Mac Security in the News


macrumors 65816
Feb 10, 2003
Buckeye Country, O-H
Yeah, i just read this article. It does seem as if the hacking world will try at taking hits at OS X, but i don't think that it will be as easy as what the article makes it out to be. Unix is known for being one of the best OS's for security, like stated in the article, this is why thousands of Servers for networking the internet use Unix.

However, i am not saying it can't happen, i just think it will be difficult, let alone ridiculous because of Apple's small [6.3% i think] market share.


macrumors G3
Aug 30, 2003
The threat was highlighted earlier this week after a handful of the company's iPods were shipped with the RavMonE.exe virus, which targeted iPods used with Microsoft Windows-based computers.
What in the world does that have to do with Macs? :confused:


macrumors 6502
Sep 17, 2006
The article makes some valid points. Part of the reason security is so good on MACs right now is because of the simple fact that PCs have a much higher market share and therefore there is more info in the hacking community about how to get into these machines. As time goes on and there are more MACs in more households across the globe, I'm sure you will start to see more attacks and more viruses. I do believe though that OSX has a secure foundation behind it and that it will NEVER be as bad as WINDOWS in terms of security.


macrumors 68030
Apr 17, 2004
A Stoned Throw From Ground Zero
This kinda stuff happens when Chinese 3rd party manufacturers run their systems on hacked software.

There is still very little risk of an OS X virus.

Without the administrators permission, there is no way a virus could self replicate.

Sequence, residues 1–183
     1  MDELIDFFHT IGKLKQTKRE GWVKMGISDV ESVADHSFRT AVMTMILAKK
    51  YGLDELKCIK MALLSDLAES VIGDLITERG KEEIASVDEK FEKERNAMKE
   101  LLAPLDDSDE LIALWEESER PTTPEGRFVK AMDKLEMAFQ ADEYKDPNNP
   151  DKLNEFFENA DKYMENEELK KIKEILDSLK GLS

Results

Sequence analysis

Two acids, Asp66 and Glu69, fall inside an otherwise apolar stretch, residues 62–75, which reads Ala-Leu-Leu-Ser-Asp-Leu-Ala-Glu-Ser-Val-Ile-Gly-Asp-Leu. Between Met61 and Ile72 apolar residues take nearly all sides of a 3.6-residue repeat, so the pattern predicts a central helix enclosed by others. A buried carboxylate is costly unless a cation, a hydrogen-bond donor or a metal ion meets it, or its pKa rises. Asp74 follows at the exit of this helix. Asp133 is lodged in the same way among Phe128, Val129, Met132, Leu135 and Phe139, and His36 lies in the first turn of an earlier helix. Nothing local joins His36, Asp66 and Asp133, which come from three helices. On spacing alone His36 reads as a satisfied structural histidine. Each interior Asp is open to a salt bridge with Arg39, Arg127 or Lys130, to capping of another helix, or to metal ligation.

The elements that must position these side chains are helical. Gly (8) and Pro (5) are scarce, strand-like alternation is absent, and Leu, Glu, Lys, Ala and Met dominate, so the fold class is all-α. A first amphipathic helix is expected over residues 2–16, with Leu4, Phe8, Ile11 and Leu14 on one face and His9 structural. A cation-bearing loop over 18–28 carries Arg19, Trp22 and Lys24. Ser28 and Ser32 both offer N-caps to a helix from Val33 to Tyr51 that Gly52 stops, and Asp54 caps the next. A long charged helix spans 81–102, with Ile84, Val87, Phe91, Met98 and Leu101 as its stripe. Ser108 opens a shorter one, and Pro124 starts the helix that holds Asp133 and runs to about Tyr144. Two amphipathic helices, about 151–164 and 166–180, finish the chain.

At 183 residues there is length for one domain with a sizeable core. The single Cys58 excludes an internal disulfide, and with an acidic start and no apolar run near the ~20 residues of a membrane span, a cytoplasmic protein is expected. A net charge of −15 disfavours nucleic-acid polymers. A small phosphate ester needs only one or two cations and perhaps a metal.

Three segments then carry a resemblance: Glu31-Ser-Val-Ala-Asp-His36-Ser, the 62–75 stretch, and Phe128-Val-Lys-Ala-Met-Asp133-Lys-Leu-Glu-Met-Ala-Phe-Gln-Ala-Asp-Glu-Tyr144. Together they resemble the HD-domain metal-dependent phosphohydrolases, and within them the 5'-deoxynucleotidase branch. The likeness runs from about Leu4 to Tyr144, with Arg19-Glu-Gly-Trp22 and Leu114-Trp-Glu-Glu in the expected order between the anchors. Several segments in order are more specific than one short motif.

This does not prevent careless users from downloading a sudo trojan disguised as a popular application or piggy backed onto an application from a P2P server.

You MUST be logged onto your administrative account or key in your administrative password to install ANY application.

The most risky applications are the drag to folder installs.
Once you set up your machine, go to System Preferences/Accounts
and change the setting from auto log-in to password log in.

Then add a Secondary LIMITED Super User Account.

If you are downloading applications from an unknown source, you're asking for it.

The BEST protection is to run all your normal daily tasks from a secondary Super User Account that limits your administrative privileges.

Your administrative account should only be used for installations and maintenance.


macrumors 68030
Apr 17, 2004
A Stoned Throw From Ground Zero
Yup, trying to unload some of those new MS Zune MP3 players before the holidays :D

It's already bad enough that Symantec, Intego and McAfee are doing all they can with fear campaigns trying to sell Windows A/V software to Mac Users.

I'm not trying to imply that people should be over confident.

You still need to use a bit of common sense.
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